College Hockey:
Western Michigan Scores Season-High Seven Goals to Beat Notre Dame

Four Broncos Notch Two Assists

— Coming into Friday night, Western Michigan was last in the CCHA standings, second to last in the conference in scoring offense and riding an 11-game winless streak.

It didn’t look like the Broncos were either in their 7-2 win over Notre Dame at Lawson Ice Arena. The win was the most goals WMU has scored this season, way above its 2.08 goals per game coming into Friday.

Western Michigan (6-15-5, 2-14-4-1) also has been homesick as of late, as it hadn’t played at home since Jan. 8 against Michigan and lost four out its last five games. The Broncos came back to Kalamazoo in fine fashion by going up on the Fighting Irish early and scoring three goals in the first period.

“Just a great effort from start to finish,” WMU coach Jim Culhane said. “Our goal was to try and set the tone of the hockey game and we were able to do that in the first 20 minutes of play.”

WMU had only scored five goals total in its last three games, but Kyle O’Kane got the Broncos’ scoring started at 4:23 into the first period.

O’Kane accepted a pass from Max Campbell to the left of Notre Dame goalie Mike Johnson and shot the puck right over Johnson’s left shoulder. The goal was only O’Kane’s second of the season and was also assisted by Campbell, his 10th of the season, and Mike Levendusky.

About three minutes later at 7:28, the Broncos struck again with a goal from defenseman Jordan Collins from the point, which was only his fourth of the season, and senior forward Jared Katz would pick up his seventh goal of the season at 12:50 to put Western Michigan up 3-0 at the end of the period.

Opening period goals have been hard to come by for the Broncos, as before Friday night, they had only scored 14 first period goals.

“It was real nice to get out to that early lead, you know, you sustain that pressure throughout the entire game and that’s something we haven’t done all season,” Western Michigan goalie Riley Gill said. “It was nice to see that tonight.”

Johnson was pulled by Fighting Irish coach Jeff Jackson in favor of junior Brad Phillips, but that didn’t help much, as WMU scored two more goals in the second period. Broncos’ senior forward Derek Roehl and Greg Squires each scored in the second period and Western Michigan added two more in the third from Cam Watson and Ross Henry, which was his first career goal.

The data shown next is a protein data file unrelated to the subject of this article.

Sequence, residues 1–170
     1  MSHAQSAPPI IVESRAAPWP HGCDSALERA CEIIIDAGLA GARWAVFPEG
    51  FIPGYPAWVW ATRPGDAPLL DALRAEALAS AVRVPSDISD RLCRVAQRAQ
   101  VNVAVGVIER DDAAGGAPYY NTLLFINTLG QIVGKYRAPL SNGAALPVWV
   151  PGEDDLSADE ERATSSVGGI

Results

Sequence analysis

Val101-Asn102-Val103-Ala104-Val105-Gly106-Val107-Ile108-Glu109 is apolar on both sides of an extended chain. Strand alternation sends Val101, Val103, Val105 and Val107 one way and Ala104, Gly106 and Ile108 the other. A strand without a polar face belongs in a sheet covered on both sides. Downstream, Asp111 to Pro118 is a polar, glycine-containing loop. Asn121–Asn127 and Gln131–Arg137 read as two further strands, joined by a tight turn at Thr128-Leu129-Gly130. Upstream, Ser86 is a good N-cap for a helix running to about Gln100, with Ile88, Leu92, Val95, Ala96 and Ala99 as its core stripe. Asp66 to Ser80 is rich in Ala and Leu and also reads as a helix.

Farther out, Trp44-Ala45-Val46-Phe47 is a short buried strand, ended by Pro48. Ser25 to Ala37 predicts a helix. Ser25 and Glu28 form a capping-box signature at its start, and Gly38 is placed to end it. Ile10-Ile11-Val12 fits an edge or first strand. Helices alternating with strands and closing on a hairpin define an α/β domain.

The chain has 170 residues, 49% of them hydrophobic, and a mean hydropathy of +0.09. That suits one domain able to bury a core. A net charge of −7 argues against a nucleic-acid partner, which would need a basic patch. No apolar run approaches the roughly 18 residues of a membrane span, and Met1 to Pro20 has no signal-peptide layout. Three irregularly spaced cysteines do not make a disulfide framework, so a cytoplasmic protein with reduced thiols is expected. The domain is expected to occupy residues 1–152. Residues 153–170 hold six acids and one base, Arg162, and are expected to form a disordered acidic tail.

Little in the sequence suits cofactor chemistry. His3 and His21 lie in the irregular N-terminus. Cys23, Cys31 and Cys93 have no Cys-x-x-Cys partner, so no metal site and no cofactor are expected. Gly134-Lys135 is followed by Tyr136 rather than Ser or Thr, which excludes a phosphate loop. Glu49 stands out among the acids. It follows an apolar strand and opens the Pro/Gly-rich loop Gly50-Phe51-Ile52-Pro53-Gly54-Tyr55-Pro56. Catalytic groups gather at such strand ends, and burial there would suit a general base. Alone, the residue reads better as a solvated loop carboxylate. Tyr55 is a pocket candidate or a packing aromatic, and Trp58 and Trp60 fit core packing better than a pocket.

Giving up seven goals is also something that is out of the norm for Notre Dame, as they came into Friday night third in the CCHA in scoring defense, giving up only 2.27 goals per game.

“They [Western Michigan] played with a lot of jam,” Jackson said. “I thought they came at us with waves and we couldn’t sustain handling the puck under pressure, so you end getting turnovers and mistakes that ended cutting in our net.”

Roehl’s goal was scored on the power play, which has been an Achilles’ heel for Western Michigan this season, only converting 11.4 percent on the power play this season, which is last in the CCHA and one the worst in the nation. Notre Dame came in with the best penalty kill in the conference at 90 percent.

Gill was also stellar in his performance, giving up only one goal on 27 shots and coming through in pressure situations.

Notre Dame’s goals were scored by Joe Lavin at 27 seconds into the second, his first of the season, and Riley Shehan at 14:46 in the third period.

Western Michigan also had four players with two assists in Levendusky, Campbell, Katz and defenseman Tyler Ludwig and Friday night was most goals Notre Dame has given up since giving up eight against Michigan in the 2005-06 season. Western Michigan hasn’t scored this many goals since scoring seven against Niagara in 2002.

“Even before the game I think the guys were kind of loose and having fun in the locker room, and that’s something we’ve been kind of missing,” Ludwig said. “We always been kind of focused on what we need to do and we got away from staying loose and tonight we just kind of went there and had fun and remembered to play simple and keep things tight in the ‘D’-zone and get it in deep and it worked out in our favor.”

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